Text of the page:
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Stubbornly Stupid (With Cheese And Bacon)

, , , , , , , | Working | August 5, 2022

I’ve gone into a popular Canadian fast food chain to get some food on my way home from work.

Me: “Hi. Can I please get a grilled chicken sandwich with cheese and bacon, with a [side] and [drink]?”

Cashier: “No problem, that’ll be [price that’s almost $10 more than what it should be].”

I look at the order screen and see she’s rung in the chicken sandwich combo without cheese or bacon, and a separate bacon cheeseburger.

Me: “Sorry, no, just the chicken sandwich combo, with cheese and bacon on it.”

Cashier: “Right, a grilled chicken combo and then a bacon cheeseburger.”

Me: “No. Just the grilled chicken. I want the cheese and bacon on the grilled chicken. Just the one sandwich with [side] and [drink].”

Cashier: “Yes, that’s what I have here. The grilled chicken sandwich combo and a bacon cheeseburger.”

Me: “That is not what I’m asking for. I just want one grilled chicken sandwich, and I want the grilled chicken sandwich to have cheese and bacon on it.”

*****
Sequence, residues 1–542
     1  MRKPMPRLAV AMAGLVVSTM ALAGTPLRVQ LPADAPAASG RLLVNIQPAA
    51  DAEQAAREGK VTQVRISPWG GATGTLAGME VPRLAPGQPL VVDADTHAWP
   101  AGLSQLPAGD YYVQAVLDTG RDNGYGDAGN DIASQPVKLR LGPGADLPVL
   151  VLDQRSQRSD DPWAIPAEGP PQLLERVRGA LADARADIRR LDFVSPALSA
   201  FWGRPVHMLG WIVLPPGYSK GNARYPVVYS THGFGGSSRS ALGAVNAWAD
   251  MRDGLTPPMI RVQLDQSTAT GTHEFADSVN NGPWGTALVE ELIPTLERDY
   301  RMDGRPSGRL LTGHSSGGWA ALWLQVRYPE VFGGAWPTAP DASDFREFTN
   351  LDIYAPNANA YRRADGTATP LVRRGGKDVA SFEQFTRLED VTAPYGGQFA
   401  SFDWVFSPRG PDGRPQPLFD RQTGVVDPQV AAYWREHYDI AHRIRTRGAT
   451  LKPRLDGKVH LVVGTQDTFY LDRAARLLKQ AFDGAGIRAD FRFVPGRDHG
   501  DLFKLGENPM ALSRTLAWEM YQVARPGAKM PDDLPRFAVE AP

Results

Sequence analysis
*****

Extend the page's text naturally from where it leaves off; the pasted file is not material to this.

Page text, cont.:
Cashier: “So, two grilled chicken sandwiches and a bacon cheeseburger.”

Me: “No. There is only one chicken sandwich. That’s the only sandwich I want, and I want it with cheese and bacon on it.”

Cashier: “So, you want the bacon cheeseburger as a combo, too?”

I’m seconds away from just walking out.

Me: “There is no bacon cheeseburger. At all. I do not want a bacon cheeseburger. I just want my grilled chicken sandwich to be made with cheese and bacon on it.”

Thankfully, another employee can sense my agitation and comes over. I repeat my order one more time in front of the second employee. They can definitely tell I’m annoyed, but I’m still maintaining a polite, if firm, tone.

Employee #2: “[Cashier], they want cheese and bacon on the grilled chicken sandwich. Not a bacon cheeseburger.”

Cashier: “That’s what I put in!”

Employee #2: “Just let me do it.”

They shoo the cashier away and start ringing everything in properly.

Employee #2: “Sorry about that. I have no idea why that happened.”

Me: *Starting to relax* “It’s okay, I don’t mind clarifying my order, but I really don’t know how else I could have said it.”

Employee #2: “I understand. Thank you for letting me help make it right.”

I don’t necessarily hold it against the first cashier, but if someone is saying they didn’t order something, why keep insisting you’re correct?

Question of the Week

Has a customer ever tried to cross you and lived to regret it? What happened?

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